I'm not sure about that bow. Maybe I should redo the strap/tie as a long closed loop that could be wrapped around my head. Hey, I should experiment with this -- what a concept!

I think I have enough of the handkerchief linen to make at least one more of these caps.I might try the same thing, or I might experiment with doing the embroidery down the middle seam, or other embellishments such as contrasting thread for the hand stitching. We shall see.

In the meantime, I'll leave you with a few other links related to the St. Birgitta's cap.

http://www.pinterest.com/miriampike/accessories-cap-of-st-birgitta/
http://m-silkwork.blogspot.com/2008/11/womens-caps.html
http://katafalk.wordpress.com/2014/04/21/embroidered-st-birgittas-cap/
http://katafalk.wordpress.com/2014/01/16/st-birgittas-cap/
http://m-silkwork.blogspot.com/2008/08/cap-of-st-birgitta-reconstructions.html
http://larsdatter.com/birgitta-caps.htm



Saturday, August 16, 2014

Restarting this blog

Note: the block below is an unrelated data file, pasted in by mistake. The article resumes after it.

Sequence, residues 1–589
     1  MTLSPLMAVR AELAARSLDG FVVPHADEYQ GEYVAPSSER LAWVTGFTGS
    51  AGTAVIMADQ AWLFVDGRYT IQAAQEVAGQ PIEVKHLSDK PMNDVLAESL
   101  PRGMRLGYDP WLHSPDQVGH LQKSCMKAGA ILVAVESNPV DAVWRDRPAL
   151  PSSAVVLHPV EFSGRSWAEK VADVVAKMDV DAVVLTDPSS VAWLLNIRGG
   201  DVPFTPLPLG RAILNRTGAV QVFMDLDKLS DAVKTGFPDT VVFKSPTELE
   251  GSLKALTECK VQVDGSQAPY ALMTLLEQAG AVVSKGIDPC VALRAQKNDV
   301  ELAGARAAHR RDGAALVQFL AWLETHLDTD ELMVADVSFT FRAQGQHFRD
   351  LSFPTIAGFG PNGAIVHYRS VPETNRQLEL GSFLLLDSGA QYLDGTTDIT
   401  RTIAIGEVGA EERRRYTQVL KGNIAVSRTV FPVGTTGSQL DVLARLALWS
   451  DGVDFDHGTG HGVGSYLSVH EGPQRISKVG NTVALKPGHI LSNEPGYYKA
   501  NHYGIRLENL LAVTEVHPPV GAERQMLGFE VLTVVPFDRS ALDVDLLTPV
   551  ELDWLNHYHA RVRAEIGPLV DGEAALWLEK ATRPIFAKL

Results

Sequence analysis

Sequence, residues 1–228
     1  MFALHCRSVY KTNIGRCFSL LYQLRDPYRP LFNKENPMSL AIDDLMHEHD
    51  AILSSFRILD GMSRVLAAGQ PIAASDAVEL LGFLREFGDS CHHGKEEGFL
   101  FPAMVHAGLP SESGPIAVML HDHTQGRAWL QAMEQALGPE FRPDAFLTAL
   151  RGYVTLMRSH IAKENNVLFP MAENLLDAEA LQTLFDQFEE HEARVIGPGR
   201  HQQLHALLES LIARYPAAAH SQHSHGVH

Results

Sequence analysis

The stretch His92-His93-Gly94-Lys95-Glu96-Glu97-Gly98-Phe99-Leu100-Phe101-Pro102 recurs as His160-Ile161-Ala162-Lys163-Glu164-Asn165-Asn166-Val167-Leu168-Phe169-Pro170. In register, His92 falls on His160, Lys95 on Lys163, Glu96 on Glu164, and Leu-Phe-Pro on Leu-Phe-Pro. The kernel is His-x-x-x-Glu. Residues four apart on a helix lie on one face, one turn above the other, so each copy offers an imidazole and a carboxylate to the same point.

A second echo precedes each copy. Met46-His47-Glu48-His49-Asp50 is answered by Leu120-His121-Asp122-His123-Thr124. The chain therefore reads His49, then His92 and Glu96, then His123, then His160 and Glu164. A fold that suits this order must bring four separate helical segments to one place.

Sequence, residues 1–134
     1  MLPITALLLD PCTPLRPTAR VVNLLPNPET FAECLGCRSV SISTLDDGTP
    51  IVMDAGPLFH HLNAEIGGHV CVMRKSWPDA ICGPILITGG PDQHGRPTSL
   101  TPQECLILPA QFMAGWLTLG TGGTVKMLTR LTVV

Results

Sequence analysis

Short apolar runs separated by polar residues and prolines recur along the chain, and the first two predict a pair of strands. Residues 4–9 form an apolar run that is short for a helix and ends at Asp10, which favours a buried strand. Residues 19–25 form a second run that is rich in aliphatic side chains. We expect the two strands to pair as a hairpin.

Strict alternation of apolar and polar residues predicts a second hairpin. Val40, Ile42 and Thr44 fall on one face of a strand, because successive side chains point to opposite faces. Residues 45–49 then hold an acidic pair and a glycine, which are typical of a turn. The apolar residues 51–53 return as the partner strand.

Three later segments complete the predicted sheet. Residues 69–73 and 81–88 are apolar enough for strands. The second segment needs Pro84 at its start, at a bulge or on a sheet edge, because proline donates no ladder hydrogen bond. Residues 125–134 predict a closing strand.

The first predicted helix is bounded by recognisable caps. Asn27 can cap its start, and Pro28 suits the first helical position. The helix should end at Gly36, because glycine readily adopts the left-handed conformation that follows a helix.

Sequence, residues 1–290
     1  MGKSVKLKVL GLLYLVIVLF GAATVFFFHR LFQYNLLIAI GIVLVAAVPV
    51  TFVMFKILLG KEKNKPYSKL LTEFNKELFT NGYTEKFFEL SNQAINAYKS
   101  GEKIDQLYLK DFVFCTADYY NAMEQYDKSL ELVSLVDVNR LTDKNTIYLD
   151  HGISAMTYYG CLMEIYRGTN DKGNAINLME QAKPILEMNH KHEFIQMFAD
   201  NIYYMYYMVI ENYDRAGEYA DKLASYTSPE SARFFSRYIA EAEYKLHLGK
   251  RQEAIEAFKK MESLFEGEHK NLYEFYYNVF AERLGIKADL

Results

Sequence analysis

OK, it's been a long while now. While the hunt for full-time employment continues, I try to keep up with my SCA life as well as I can with my limited means. I haven't been doing much Lithuanian research lately, but I have been attending events when I can and trying to make myself useful to the Barony of Storvik.

For example, this past January my Barony hosted Atlantia's Kingdom Twelfth Night, a very Big Deal in SCA circles. We held it at the Shriners' temple in Washington, D.C., which inspired the event's Ottoman theme. Some of my friends and I made brand-new late-period Ottoman garb specifically for this event -- I was literally working on it at 1 a.m. the morning thereof! Plus, I organized the heraldic consult table. So, even though it was the first completely Metro-accessible event in our Kingdom in many years, I couldn't really take Metrorail, because I was lugging 50 or 60 pounds of stuff -- books, musical instruments, refreshments for heralds, etc. Plus I was wearing clothing that looked vaguely Middle Eastern and I would have been getting off the train a few blocks from the White House. On top of everything, the skies gave us cold winter rain all day. Nevertheless, it was a lovely event.